One of the most ambitious waterfront redevelopment projects in the world has become even more exciting today with the announcement of a new $25 million public art trail on Toronto’s upcoming Villiers Island.
Those familiar with what’s been happening in the port countries over the past decade will be excited to see brand new renderings, released this morning, of the highly anticipated new urban island – a first of its kind mixed-use community, purpose-built. with nature in mind.
Villiers is currently being created as part of the $1.25 billion Port Lands Flood Protection project (also known as the Don Mouth Naturalization project).
Once the crews have finished excavating some 1,000 feet of new river channel for the mighty Don to flow through, Villiers will stand alone as a new 88-acre urban island off Toronto.
This island is expected to house thousands of people, in addition to offices, retail space, various recreational facilities and an abundance of public parkland.
It’s a huge deal to say the least, and it’s gotten even bigger thanks to a generous donation from the Pierre Lassonde Family Foundation.
“A $25 million visionary donation from the Pierre Lassonde Family Foundation will create a new outdoor public art trail on the future Villiers Island in Toronto’s transformed Port Lands,” Waterfront Toronto announced in a press release.
“The Lassonde Art Trail will be a free open-air route managed and curated by a new foundation with funds from this gift; the gift will also fund the purchase of two permanent pieces that anchor the trail. A rotating cycle of contemporary installations by local, National and international artists will also be featured.”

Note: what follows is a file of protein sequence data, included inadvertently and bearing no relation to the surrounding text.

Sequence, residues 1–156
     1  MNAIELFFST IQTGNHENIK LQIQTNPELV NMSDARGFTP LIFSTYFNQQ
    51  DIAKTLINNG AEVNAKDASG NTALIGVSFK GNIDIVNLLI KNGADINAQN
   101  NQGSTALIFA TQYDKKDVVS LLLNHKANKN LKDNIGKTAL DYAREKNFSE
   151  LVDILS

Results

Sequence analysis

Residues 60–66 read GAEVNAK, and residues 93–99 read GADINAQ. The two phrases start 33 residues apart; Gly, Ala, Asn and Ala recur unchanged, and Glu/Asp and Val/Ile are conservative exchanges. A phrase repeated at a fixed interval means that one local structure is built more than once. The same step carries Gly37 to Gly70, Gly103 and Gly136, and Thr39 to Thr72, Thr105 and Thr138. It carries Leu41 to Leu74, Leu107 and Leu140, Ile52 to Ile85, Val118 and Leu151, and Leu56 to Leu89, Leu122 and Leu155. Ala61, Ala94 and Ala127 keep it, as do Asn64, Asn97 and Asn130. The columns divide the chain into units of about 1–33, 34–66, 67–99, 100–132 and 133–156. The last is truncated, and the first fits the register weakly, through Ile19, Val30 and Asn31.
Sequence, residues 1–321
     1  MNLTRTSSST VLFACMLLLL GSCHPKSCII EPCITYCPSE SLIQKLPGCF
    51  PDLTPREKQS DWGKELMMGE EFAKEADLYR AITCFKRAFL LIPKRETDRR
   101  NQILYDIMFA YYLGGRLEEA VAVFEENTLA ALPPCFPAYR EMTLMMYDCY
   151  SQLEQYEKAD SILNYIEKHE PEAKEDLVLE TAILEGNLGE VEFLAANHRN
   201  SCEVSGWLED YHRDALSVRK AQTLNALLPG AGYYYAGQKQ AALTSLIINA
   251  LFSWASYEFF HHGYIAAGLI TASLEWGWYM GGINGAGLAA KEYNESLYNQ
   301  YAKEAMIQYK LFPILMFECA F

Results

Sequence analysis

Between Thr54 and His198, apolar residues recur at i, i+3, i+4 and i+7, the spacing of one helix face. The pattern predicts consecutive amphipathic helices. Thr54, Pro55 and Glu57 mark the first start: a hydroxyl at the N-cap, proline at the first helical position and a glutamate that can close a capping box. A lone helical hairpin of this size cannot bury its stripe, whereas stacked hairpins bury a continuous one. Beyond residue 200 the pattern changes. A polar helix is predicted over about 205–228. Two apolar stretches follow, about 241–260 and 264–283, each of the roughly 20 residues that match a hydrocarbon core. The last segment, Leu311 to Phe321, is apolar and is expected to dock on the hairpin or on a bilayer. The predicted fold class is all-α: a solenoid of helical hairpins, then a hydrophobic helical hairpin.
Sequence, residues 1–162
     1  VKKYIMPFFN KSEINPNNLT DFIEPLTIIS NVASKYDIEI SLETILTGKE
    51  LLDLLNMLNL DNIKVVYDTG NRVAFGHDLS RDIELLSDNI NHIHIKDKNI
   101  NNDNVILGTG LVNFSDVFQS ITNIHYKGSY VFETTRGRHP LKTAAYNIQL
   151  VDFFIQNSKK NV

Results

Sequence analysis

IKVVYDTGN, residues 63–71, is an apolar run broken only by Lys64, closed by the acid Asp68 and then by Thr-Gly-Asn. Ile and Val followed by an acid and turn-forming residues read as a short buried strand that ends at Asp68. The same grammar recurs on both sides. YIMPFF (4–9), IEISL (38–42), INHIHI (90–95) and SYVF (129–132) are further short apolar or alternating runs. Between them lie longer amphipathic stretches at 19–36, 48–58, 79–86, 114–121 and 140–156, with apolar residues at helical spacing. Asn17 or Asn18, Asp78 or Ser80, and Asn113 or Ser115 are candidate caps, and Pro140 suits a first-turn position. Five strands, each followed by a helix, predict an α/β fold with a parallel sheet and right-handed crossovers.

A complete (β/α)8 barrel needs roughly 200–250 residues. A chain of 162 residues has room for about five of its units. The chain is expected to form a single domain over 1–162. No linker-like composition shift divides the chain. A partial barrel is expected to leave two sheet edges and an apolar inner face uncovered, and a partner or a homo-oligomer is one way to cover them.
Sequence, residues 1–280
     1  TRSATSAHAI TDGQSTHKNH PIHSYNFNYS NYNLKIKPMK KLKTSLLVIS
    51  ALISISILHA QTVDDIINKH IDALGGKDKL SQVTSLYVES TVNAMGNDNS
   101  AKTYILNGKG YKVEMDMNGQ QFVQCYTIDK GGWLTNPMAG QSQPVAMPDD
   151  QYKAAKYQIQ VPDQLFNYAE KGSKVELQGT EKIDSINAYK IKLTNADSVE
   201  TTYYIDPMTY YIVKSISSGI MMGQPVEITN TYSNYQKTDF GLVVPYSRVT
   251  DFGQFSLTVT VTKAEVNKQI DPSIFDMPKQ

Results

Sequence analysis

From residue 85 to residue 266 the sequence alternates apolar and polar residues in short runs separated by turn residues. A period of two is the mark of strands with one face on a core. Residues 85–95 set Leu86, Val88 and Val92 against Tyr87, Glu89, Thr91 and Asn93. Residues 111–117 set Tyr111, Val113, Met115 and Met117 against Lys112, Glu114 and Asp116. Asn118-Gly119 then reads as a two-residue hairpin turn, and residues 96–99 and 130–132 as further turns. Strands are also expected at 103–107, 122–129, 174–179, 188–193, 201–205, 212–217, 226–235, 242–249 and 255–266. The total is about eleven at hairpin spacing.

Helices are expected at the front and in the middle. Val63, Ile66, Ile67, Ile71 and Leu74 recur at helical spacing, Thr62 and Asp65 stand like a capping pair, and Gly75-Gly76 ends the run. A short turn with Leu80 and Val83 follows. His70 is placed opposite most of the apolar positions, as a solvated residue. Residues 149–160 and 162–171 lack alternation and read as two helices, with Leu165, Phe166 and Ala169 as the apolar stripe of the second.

Mayor John Tory was on hand to personally announce the new arts course Tuesday morning, along with Waterfront Toronto president Stephen Diamond and members of the Lassonde family.
“I want to thank the Lassonde family for this generous donation to our city’s waterfront and for providing funding that will help us continue our vision for an accessible, beautiful and unique waterfront,” said the mayor.
“A new waterfront public art trail will not only draw residents and visitors to Toronto’s waterfront, but also give people the opportunity to experience art and more for free.”
Of the $25 million donation, $10 million has been set aside to commission two high-profile permanent works of art. Another $15 million is earmarked to establish a new nonprofit that will manage the arts trail and raise additional funds to sustain itself in the long run.
Waterfront Toronto noted in its publication that the city council has yet to vote on whether or not to accept the $25 million gift, though Tory’s involvement and the enthusiasm of other councilors make it feel like a certainty.
“The future Lassonde Art Trail will be invaluable in the vast network of new parks and public spaces we are creating in the port areas, for the enjoyment of millions of visitors and residents of our city,” said Councilor Paula Fletcher of the project. †
Once the trail is officially approved, organizers will proceed with appointing an executive director for the new foundation to begin identifying potential artworks.
It will be a while before we can walk along the path – Villiers won’t be open until 2024 by current estimates – but it will be a nice resource for the city when it’s done.
More than 290 acres of land (more than a third of Toronto’s entire waterfront) will be opened up for public use through the wider Waterfront Toronto revitalization project, boosting the Canadian economy by an estimated $5.1 billion.
Norm Li AG+I/Waterfront Toronto